Macroeconomic Analysis of Climate Strategies: Presented in the March 2006 Climate Action Team Report
Place: California • Date: 2006 • Partner: CalEPA
This report provides an update to the macroeconomic analysis of the climate strategies presented in the March 2006 Climate Action Team Report to Governor Schwarzenegger and the Legislature (2006 CAT Report). As described in the 2006 CAT Report, the macroeconomic impact assessment available at that time was preliminary, and would benefit from updated cost and savings estimates for the strategies as well as a refined analysis. Consequently, the report committed to providing an updated analysis.
This report fulfills the commitment made in the 2006 CAT Report by presenting the following:
- updated estimates of costs, savings, and emission reductions for the climate strategies presented in the 2006 CAT Report;
- refined methodologies for characterizing the climate strategies for use in the macroeconomic impact analysis; and
- revised macroeconomic impact analysis. Additionally, this report presents net cost estimates for each of the climate strategies in terms of the dollars per ton of emissions avoided in 2020. As described below, these estimates incorporate the value of reducing criteria air pollutant emissions, a factor that was not included in the March 2006 analysis. The estimates presented in this report reflect both updated data and refined methods. The macroeconomic impact analysis is conducted with two separate modeling frameworks that were presented at the November 29, 2006 Conference on Economic Impact Modeling of Greenhouse Gas Emission Reduction Market and Non-Market Based Strategies. Through the use of two modeling frameworks we are able to examine the implications of alternative modeling assumptions and methods on the impact estimates. Additionally, the models have the capability of examining the impacts of using market based compliance mechanisms to achieve the State’s 2020 emissions limit. This capability was not available for the analysis presented in the 2006 CAT Report. The modeling frameworks are:
- Environmental Dynamic Revenue Analysis Model (E-DRAM) – provided by the Air Resources Board (ARB); and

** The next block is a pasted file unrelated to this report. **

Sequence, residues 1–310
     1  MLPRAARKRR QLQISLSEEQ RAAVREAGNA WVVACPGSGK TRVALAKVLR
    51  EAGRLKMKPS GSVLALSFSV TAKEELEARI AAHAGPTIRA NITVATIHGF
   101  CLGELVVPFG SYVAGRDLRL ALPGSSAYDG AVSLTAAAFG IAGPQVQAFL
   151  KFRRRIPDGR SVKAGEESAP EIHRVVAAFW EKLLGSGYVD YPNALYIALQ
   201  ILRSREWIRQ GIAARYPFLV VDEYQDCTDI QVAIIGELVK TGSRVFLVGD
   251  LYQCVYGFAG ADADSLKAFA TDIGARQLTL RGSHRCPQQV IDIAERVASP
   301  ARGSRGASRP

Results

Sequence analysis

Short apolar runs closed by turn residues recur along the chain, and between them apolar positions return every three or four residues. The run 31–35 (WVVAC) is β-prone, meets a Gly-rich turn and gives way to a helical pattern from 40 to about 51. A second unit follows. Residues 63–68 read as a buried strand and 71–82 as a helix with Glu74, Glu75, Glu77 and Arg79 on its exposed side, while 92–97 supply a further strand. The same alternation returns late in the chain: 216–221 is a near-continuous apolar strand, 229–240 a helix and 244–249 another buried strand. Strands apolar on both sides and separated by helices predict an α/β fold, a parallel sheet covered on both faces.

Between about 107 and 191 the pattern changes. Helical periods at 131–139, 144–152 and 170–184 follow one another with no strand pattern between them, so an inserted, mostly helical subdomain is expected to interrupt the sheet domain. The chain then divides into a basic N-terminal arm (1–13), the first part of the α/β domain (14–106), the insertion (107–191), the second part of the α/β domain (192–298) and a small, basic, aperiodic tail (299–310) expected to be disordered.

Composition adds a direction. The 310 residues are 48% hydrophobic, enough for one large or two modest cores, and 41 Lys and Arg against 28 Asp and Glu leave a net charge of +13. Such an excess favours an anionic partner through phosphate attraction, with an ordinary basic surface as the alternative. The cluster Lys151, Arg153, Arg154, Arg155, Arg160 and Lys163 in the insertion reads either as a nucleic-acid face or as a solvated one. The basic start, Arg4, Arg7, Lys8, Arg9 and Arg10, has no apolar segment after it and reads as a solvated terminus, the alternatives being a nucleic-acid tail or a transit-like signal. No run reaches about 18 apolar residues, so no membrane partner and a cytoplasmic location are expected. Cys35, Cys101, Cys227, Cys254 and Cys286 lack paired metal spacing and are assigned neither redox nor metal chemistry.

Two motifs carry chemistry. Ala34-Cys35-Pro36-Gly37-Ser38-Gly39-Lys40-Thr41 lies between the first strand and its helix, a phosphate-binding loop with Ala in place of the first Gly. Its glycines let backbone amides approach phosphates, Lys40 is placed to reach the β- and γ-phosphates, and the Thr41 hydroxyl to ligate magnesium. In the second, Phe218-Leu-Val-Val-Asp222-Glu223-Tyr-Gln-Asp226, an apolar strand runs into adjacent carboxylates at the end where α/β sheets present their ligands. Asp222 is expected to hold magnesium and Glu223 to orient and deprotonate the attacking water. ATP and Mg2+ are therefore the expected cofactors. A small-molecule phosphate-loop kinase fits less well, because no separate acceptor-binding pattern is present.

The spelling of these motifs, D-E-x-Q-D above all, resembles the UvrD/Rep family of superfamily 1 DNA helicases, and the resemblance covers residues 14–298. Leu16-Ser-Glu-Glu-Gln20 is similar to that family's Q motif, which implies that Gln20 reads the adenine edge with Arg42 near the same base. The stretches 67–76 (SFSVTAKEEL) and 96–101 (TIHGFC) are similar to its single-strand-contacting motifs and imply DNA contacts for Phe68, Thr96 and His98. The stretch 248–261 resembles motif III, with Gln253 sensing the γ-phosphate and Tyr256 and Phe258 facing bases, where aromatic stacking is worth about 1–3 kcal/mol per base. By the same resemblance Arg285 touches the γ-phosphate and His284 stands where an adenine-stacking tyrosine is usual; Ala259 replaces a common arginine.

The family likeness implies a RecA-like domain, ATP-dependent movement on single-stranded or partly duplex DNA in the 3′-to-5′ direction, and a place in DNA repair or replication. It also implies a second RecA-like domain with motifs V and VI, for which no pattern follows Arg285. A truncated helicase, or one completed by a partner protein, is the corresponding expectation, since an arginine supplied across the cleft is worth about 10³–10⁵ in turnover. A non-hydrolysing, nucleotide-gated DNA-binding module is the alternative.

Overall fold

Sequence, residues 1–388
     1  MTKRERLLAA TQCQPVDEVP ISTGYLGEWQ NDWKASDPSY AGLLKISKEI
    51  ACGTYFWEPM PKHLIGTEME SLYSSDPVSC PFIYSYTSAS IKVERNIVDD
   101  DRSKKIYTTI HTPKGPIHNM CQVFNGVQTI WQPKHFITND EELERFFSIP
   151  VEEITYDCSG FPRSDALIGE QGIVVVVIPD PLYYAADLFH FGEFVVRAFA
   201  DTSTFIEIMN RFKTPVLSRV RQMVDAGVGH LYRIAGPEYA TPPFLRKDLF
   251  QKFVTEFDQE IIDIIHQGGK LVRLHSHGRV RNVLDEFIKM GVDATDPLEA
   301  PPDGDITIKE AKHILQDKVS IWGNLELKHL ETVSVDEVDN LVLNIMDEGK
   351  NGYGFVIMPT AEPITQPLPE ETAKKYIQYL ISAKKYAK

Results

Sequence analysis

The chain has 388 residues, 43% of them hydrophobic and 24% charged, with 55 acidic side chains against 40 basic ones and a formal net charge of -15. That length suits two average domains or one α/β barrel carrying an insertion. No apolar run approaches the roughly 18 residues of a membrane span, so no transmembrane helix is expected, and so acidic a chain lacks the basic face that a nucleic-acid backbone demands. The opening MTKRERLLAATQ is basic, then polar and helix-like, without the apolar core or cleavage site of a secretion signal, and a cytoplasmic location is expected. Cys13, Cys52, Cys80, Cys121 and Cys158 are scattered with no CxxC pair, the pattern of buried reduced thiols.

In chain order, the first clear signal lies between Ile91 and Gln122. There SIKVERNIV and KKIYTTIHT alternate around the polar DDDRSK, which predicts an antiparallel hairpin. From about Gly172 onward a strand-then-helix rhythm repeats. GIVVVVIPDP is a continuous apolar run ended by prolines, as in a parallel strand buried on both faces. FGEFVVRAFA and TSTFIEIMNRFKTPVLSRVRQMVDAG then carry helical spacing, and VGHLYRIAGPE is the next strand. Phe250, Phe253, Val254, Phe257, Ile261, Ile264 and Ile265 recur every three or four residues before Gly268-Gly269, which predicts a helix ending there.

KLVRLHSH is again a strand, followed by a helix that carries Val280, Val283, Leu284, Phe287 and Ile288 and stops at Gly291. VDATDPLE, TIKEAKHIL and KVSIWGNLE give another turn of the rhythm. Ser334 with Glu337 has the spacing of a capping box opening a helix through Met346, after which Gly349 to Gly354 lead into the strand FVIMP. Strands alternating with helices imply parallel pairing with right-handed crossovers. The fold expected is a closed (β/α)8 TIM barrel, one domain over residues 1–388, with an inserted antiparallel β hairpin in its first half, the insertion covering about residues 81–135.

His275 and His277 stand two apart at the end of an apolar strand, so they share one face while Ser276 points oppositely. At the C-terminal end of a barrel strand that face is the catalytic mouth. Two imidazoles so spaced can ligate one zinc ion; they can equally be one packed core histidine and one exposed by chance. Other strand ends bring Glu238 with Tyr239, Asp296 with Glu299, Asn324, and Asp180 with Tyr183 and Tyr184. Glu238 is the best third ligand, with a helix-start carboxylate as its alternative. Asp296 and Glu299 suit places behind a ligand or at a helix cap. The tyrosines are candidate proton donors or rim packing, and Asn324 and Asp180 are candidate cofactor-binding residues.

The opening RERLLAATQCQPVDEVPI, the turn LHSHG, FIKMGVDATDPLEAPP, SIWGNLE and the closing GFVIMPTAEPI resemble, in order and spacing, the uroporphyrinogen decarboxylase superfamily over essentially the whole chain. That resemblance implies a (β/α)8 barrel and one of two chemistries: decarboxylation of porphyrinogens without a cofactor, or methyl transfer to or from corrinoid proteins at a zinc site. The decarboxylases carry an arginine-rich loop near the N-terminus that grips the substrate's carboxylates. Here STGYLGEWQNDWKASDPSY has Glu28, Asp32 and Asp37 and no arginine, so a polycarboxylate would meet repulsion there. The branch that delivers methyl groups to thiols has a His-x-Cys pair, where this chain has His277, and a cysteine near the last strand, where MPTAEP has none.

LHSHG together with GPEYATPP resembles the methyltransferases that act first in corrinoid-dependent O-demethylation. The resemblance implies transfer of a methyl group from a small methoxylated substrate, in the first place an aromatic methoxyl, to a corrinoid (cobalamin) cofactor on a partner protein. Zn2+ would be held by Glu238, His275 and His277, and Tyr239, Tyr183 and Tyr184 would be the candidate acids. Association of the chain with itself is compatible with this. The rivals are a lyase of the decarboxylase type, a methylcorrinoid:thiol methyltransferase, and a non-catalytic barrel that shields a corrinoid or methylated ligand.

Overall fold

- Berkeley Energy and Resources (BEAR) Model – provided by U.C. Berkeley. The modeling framework developed by CRA International was also made available by the Electric Power Research Institute (EPRI). Unfortunately, the model was unable to incorporate the cost-saving characteristics of several important parts of the State’s strategy to fight global warming within the timeframe for producing this report. As the cost savings have been proven in some cases, such as the California building energy efficiency standards, appliance standards, and energy efficiency programs, the analysis was not realistic, and consequently is not included in this report. While significant progress has been made, we recognize that additional data collection and methodological refinements are ongoing. The climate strategies continue to be updated, and new climate strategies have been identified. For example, at its June 2007 hearing the Air Resources Board (ARB) adopted 37 early actions of which three were believed to meet the legislative definition of discrete early action. The ARB staff is currently evaluating stakeholder suggestions for additional early actions. As such these new and developing strategies are not represented in this analysis. The newly proposed low carbon fuel standard (LCFS) illustrates this point. Specifically, the LCFS will replace the biodiesel and ethanol strategies included in this analysis, but the information necessary to characterize the model inputs for the LCFS were not sufficiently developed to include in this analysis. Additionally, as the ARB develops the Scoping Plan as required under the Global Warming Solutions Act of 2006 (AB 32), it is updating the existing climate strategies and examining additional strategies beyond those considered here. Therefore, we will continue to build on the new data and methods incorporated in this report to develop improved analyses in the future.